Mapping parking infractions in Manhattan, NYC, by car make

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This is a technical explanation of procedure to map parking infractions in Manhattan for every available car make. To see the interactive visualization, click here, or click the image below. Otherwise read on.

Heatmaps for Audi and Bentley
Heatmaps for Audi and Bentley

Last year I published an Android app to enable Slovenian drivers to better avoid areas frequently inspected by parking wardens. It works by geolocating the user and then plotting issued paring tickets in the vicinity, with a breakdown by month, time of day and temperature on another screen. It was not a huge hit, but it did reasonably well for such a small country and no marketing budget.

I was thinking of making a version for New York City, but then abandoned the project. These visualizations are all that remains of it.

I started with downloading the data from New York Open Data repository. It’s here. The data is relatively rich, but it’s not geocoded. Luck had it that Mapbox just rolled out a batch geocoder at that time, and it was free with no quotas. So I quickly sent around 100,000 adresses through it and saved the results in a database for later use. The processed result is now available on Downloads page in form of JSON files, one per car make.

The actual drawing procedure was easier than I thought. I downloaded street data from New York GIS Clearinghouse and edited out everything but Manhattan with QGis.

First I tried a promising matrix approach, but I was unable to rotate the heatmap so that it would make sense. Here’s an example for Audi:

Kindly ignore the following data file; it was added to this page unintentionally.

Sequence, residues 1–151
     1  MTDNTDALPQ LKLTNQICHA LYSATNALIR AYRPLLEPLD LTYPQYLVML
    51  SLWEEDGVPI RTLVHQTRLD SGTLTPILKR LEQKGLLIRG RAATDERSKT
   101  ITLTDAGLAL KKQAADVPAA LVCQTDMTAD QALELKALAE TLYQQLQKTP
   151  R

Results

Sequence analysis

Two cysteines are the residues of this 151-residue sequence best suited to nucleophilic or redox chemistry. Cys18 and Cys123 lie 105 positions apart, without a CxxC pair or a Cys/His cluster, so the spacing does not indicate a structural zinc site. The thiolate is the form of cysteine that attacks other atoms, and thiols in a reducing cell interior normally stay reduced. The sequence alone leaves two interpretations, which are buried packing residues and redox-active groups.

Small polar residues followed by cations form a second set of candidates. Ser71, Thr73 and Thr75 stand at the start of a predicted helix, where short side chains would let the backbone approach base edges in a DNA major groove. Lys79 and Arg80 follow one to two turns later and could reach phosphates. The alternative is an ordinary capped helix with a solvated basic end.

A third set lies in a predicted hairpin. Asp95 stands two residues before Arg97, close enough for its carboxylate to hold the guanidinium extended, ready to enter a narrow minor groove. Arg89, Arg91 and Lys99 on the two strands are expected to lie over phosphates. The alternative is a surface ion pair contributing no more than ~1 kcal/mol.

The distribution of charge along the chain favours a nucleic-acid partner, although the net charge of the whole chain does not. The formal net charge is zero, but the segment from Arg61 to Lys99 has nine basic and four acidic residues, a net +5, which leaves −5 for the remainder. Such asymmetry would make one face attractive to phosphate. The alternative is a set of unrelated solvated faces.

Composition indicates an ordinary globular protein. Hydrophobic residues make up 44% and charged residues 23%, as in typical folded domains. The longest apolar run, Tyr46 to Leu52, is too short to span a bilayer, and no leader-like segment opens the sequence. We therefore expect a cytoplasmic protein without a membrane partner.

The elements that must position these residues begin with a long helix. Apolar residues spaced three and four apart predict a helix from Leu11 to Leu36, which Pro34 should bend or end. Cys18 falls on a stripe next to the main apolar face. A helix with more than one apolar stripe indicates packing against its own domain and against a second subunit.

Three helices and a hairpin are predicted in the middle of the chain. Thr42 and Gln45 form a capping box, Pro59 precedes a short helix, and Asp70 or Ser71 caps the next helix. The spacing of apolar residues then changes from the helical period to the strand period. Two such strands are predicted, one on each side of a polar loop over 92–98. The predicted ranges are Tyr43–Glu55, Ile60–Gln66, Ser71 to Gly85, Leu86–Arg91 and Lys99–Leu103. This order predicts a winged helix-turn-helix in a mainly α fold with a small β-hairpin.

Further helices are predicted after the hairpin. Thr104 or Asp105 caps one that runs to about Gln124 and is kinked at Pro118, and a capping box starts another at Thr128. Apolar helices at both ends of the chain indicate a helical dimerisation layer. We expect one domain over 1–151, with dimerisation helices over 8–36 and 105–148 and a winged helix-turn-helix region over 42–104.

Matrix - Audi
Matrix – Audi


As you can see, it is a heatmap, but doesn’t look very good.

So I wrote a Python script that went through all street segments and awarded a point if there was an infraction closer that 100 meters from the relevant segment. Then I just used matplotlib to draw all the street segments, coloring them according to the maximum segment value.

A result for Audi now looks like this:


All that remained was drawing required images for animated GIFs, each for every hour for every car make. This was done with minimal modifications to original script (I learned Python multithreading in the process). The resulting images were then converted to animated GIFs with ImageMagic.

The whole procedure took approximately 12h of calculating and rendering time on a i7-6700 with 32 GB RAM. I guess I could shave several hours from that time, but I just let it run overnight.

See interactive version here, and tell me what you think in the comment section, if you feel like it.


Densities of different tree species in Ljubljana on minimaps

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This is a rework of the visualization I did for the Dnevnik newspaper. The Ljubljana government was generous enough to give us a location database with information on species and location of every tree within city limits. I thought it would be nice to render every species on its own map, so that the distributions can be compared.

Instead of just drawing points where each tree is, I calculated distance from each building to all the trees, and increased the building “score” if a tree was within 150 meters distance. Then I colored the buildings according to the score – the darker green it is, the more trees in its vicinity.

See the detailed version by clicking here or the image below.